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Environmental Studies Curriculum

The environmental studies program takes an interdisciplinary approach to the study of the environment. The curriculum is designed to help students integrate perspectives from the humanities, social sciences, natural sciences, and fine arts. Because environmental problems and their potential solutions do not stop at disciplinary boundaries, the curriculum teaches students to approach a particular topic not simply as a question of biology, politics, or theology, but rather to combine these (and many more) perspectives to better understand environmental issues in all their complexity. Because of the interdisciplinary nature of the major, it is not uncommon for students to choose a second major or minor that reflects their particular passion.

The major consists of 53 credits, divided into five groups:

prairie lab

  • Group One: Interdisciplinary Core
    Designed to introduce the ideas, concepts, and methodology of the Environmental Studies field.
  • Group Two: Natural Science
    Designed to offer students lab-based, scientific perspective on environmental and sustainability issues.
  • Group Three: Interdisciplinary Environmental Studies Electives
    Designed to be focused topically, rather than by discipline, and bring the method of multiple disciplines to study.
  • Group Four: Disciplinary Humanities/Fine Arts Electives
    Designed to bring the perspective of art, literature, history, philosophy, and theology issues of environment and sustainability.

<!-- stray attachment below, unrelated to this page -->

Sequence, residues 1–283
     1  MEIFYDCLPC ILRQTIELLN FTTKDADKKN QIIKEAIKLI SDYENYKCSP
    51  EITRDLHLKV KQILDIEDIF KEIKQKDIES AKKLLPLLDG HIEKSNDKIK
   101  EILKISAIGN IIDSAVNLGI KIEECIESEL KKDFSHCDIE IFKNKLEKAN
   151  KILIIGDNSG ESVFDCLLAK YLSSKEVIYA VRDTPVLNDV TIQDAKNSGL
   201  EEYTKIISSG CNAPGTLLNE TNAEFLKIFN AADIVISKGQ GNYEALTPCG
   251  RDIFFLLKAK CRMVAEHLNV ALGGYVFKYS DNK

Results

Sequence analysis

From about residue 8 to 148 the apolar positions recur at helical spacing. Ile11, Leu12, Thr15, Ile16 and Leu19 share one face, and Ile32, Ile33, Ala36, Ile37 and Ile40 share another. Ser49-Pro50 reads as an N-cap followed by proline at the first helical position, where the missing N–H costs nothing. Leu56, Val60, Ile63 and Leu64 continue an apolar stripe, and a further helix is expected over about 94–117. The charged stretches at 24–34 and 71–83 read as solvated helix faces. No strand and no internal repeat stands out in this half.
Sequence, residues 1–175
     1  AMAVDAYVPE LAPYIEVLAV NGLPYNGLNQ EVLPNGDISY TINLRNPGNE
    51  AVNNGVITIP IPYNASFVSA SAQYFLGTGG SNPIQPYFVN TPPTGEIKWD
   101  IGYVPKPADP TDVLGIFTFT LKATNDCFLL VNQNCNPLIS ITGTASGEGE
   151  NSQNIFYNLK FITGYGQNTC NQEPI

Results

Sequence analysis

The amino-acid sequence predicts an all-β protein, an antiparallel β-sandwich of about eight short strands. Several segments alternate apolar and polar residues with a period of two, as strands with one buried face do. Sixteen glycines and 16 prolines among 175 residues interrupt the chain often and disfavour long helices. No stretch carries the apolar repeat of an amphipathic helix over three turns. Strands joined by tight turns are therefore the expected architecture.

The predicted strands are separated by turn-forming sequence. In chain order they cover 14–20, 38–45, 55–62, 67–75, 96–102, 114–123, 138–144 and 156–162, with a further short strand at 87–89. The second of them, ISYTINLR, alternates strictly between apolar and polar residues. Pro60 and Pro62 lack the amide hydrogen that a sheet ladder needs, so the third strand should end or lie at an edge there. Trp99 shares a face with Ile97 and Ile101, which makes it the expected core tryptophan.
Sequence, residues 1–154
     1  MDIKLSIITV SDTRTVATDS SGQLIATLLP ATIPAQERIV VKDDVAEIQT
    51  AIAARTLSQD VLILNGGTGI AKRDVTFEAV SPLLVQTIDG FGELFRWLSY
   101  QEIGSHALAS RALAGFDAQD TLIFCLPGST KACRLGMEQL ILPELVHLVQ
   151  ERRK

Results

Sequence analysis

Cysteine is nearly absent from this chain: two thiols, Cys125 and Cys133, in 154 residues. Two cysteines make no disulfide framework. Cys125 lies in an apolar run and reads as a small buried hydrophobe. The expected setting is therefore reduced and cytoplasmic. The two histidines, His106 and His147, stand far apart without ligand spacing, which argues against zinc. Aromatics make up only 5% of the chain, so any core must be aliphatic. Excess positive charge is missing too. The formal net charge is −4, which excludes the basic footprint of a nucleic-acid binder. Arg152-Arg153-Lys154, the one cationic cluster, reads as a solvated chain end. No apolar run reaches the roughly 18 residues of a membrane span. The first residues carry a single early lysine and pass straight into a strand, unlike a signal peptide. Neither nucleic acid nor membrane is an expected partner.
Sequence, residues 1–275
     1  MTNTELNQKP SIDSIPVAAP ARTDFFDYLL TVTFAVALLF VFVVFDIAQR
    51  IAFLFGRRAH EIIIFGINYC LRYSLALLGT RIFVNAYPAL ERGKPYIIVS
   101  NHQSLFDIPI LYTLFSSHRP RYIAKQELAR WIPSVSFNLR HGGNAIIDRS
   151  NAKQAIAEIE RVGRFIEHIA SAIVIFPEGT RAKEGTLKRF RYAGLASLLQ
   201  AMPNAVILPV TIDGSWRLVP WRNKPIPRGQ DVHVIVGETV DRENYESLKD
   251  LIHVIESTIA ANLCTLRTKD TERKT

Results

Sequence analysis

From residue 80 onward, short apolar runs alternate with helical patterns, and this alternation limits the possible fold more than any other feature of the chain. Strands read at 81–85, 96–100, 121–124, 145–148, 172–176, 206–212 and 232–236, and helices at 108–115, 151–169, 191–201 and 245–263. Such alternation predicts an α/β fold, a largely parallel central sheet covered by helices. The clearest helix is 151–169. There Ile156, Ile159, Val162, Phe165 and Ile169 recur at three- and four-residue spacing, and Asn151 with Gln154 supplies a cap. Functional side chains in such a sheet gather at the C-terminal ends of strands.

• Group Five: Disciplinary Social Science Electives
    Designed to apply social science approaches to issues of environment and sustainability.


ES Major Requirements

ES Minor Requirements


 What do our alumni have to say about the curriculum?

Environmental Science has been one of my favorite classes because it gave me the opportunity to apply what I have learned in the class out in the field, for we did a lot of field work relating to the prairies that are in Saint John's Arboretum. I also enjoyed this course because I felt that being able to utilize the Saint John's Arboretum for a learning experience was extremely helpful

My courses in aquatic ecology, plant systematics and environmental science equipped me with skills that have been especially useful during job and internship hunting. I am especially able to drawn upon and apply my skills in plant identification and invasive species. At CSB/SJU, we don’t just memorize pictures of plants, we are able to go out into the Arboretum to search for and identify plants and invasive species in the field during our lab, which allowed me to get a much better connection to what I was learning.

My favorite environmental class has been “Food, Gender and Environment”…I really liked the discussions amongst students with the guidance of Professor Diane Veale Jones. The class intimately connected me to my food. It altered my whole eating choices in a positive way. I am now aware that there is food that is both good for you and good for the earth

Two of my favorite environmental studies classes have been God and Nature and Environmental Science II. God and Nature was fascinating because it presented an alternative perspective of theology and exposed me to eco-feminism. I enjoyed Environmental Science II because of the field work that was directly related to what we learned in class. We participated in prescribed burns when learning about prairie management and designed our own homes when discussing energy efficiency.